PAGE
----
How and Why to Tell Your Story


A few years ago, I participated in a leadership development group and learned a unique way of looking at yourself through storytelling.   The individual behind this concept, Marshall Ganz, is a senior lecturer at Kennedy School of Government, Harvard University.  Dr. Ganz spent his early years as an organizer with the United Farm Workers before working on political campaigns and non-profit groups.   Dr. Ganz developed the concept of Telling Your Public Story as a way to better understand yourself, the groups you are active in, and what compels an individual to act.

Dr. Ganz suggests there are three stories to be told:

  • Story of self:  why you were called to serve.
  • Story of us: what your community, organization or group has been called to; it’s shared purposes, goals and vision.
  • Story of now: the challenge this group now faces, the choices it must make, and the hope to which it aspires.

Story of self

What has called you to be doing what you are doing today?  What is special about the story of self is that it just that: your story, about you.  What’s compelling about this is that each of us have our stories; no two stories are alike. Throughout our life, we have all experienced a variety of events; different careers, different family situations, challenges and opportunities.  We have also had that special person or persons who had an impact on us. These may have been our parents, mentors, mates and leaders we sought to emulate.  As a result, we have all faced a variety of choices on which path to take based on the impact of these individuals and events throughout our lives.   The choices that we made were not only influenced by others, but through our personal values, aspirations and goals.

Reflect: Take a moment and reflect back on those individuals who may have had a profound impact on your story of self.

The story of us

We are all members of a variety of “us” groups; a club, culture, religion, organization, etc.  What compels us to be a member of these groups?  What keeps us wanting to be part of these groups?  Each of us have our reasons, but what may be common is that we share the values, beliefs and aspirations of the groups in which we take part.  To a great degree, our upbringing guided us to be members of these groups, and then, as adults, we could choose with which groups to align.  Dr. Ganz suggests that being able to share our values and reasons for being members comes from telling the story of us.  By sharing stories, we also share with each other the values and beliefs which have brought us to where we are today.  By sharing our story, we also listen to other’s stories, and by doing so, we discover things we have in common. This adds to the strength of the group and our wanting to remain a part of the group.  Reflect: would your affinity with certain groups of “us” be as strong if we, as individual members, did not share our “stories of us”?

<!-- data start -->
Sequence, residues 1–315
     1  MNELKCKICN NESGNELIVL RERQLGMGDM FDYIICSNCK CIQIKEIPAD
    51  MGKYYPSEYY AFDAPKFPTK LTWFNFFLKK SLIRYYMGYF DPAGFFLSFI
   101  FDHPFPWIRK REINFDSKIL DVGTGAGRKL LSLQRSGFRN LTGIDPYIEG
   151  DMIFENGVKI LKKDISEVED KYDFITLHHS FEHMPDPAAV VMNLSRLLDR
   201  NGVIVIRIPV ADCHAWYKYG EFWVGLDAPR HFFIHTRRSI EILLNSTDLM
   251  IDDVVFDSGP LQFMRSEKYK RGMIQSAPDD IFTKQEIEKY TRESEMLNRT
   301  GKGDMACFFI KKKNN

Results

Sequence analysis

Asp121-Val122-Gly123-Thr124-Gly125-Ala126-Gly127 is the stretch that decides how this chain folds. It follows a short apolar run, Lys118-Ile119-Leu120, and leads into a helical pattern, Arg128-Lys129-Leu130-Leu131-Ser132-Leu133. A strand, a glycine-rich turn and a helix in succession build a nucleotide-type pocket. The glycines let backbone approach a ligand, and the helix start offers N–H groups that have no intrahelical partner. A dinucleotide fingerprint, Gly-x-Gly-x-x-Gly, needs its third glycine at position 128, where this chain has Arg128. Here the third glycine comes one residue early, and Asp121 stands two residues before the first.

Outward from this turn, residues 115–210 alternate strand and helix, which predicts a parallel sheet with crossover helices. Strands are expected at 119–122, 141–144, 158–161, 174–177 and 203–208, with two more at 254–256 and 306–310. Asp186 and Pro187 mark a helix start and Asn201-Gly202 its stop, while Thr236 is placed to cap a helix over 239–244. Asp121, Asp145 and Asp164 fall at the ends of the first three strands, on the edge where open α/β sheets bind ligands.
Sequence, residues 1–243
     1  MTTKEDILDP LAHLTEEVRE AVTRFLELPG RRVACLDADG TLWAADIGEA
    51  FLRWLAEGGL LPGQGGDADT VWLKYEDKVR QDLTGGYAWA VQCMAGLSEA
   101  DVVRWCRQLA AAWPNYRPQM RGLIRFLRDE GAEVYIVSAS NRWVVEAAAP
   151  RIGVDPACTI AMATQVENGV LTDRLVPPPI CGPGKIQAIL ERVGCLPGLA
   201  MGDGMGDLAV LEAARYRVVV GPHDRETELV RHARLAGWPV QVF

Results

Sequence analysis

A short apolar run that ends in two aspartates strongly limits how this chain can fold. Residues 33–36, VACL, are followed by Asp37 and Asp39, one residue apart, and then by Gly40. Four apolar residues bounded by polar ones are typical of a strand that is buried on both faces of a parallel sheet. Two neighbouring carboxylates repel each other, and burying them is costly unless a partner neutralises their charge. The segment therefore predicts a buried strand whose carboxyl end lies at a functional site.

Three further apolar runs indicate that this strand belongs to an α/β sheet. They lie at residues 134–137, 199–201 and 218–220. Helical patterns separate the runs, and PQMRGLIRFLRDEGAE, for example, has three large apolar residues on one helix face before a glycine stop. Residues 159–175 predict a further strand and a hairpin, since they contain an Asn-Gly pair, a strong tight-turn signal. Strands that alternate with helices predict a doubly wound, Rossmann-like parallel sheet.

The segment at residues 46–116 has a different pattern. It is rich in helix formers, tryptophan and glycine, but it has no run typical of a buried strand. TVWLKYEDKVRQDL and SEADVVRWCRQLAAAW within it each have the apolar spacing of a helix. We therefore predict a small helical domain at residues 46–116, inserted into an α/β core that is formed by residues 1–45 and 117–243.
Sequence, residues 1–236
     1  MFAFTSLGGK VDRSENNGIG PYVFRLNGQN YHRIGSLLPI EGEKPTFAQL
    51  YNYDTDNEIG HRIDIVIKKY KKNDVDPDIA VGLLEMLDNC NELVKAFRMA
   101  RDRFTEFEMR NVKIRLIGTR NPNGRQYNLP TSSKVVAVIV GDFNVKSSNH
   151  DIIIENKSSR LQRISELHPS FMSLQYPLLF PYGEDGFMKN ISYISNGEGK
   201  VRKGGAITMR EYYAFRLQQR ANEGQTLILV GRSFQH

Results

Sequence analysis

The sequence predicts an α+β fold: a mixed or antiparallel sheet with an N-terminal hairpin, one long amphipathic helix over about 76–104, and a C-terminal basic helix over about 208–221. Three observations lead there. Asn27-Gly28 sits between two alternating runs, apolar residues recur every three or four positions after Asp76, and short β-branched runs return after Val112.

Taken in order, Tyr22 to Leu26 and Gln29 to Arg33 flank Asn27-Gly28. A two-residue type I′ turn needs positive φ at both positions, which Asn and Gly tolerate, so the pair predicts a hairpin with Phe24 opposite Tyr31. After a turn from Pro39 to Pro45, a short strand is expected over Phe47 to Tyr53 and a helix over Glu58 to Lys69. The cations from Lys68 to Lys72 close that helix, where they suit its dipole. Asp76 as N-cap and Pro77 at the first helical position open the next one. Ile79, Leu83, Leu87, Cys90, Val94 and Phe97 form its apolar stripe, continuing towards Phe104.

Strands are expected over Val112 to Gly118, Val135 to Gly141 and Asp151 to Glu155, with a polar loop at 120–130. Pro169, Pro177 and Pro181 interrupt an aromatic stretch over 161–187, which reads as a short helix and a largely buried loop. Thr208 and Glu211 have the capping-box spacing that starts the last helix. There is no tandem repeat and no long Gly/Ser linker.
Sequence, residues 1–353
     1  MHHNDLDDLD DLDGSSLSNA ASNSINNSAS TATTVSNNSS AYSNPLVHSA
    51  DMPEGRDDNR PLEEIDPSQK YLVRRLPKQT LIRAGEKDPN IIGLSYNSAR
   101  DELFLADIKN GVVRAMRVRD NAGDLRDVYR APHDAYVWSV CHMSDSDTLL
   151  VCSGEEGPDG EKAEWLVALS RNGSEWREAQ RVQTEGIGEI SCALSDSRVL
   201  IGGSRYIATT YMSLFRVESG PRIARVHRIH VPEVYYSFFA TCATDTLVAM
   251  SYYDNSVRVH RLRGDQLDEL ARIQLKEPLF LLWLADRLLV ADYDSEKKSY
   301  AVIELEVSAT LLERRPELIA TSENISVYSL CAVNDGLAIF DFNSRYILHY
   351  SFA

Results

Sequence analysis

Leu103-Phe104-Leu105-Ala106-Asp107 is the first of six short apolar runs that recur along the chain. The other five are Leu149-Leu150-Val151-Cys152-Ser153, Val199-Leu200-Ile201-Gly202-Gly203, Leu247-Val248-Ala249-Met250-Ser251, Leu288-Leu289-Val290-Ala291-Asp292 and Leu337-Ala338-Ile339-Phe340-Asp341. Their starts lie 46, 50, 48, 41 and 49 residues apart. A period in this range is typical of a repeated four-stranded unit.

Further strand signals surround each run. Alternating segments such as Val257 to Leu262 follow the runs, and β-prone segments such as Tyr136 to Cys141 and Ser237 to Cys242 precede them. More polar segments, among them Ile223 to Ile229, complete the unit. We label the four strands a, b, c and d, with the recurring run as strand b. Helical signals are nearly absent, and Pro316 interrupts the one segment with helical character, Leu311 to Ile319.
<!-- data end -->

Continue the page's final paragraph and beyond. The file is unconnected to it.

The story of now

The story of now is just that, now!  The story of now is your response to something that you see happening that is in direct conflict with your values and beliefs; a wrong that you feel must be righted.  In a “story of now,” you are not only compelled to act, you call on others to join you in action.

Reflect: What are those events, issues and conditions you on which you feel compelled to act?

When I first came across Dr. Ganz’ work, I was very intrigued by it. I couldn’t stop thinking, “How can I be a more effective and impactful member of my community by telling stories?”

I’m not suggesting that we all go out and begin interactions with others by saying, “let me tell you my story.”  We might get a funny look from others, even in Flagstaff.  As you are pondering your story of self, think about what has called you to serve? Perhaps it is time to recommit yourself to the important and critical work you are doing.  Similarly, as you think of your story of us, think about what we have in common with others; share stories of successes and challenges; celebrate accomplishments and hold others when times are tough.   Finally, as we think of the story of now – what are the causes you are currently committed to?  Are you “all in”?   Perhaps a new cause is calling you to a different direction?

In closing, not only is telling your story important, but also listening to the stories told by others.  Next time someone is sharing their experiences in a story, attempt to really, and I mean, really actively listen to understand what the storyteller may be sharing with you.  Chances are you will gain new insight into this person as well as yourself.

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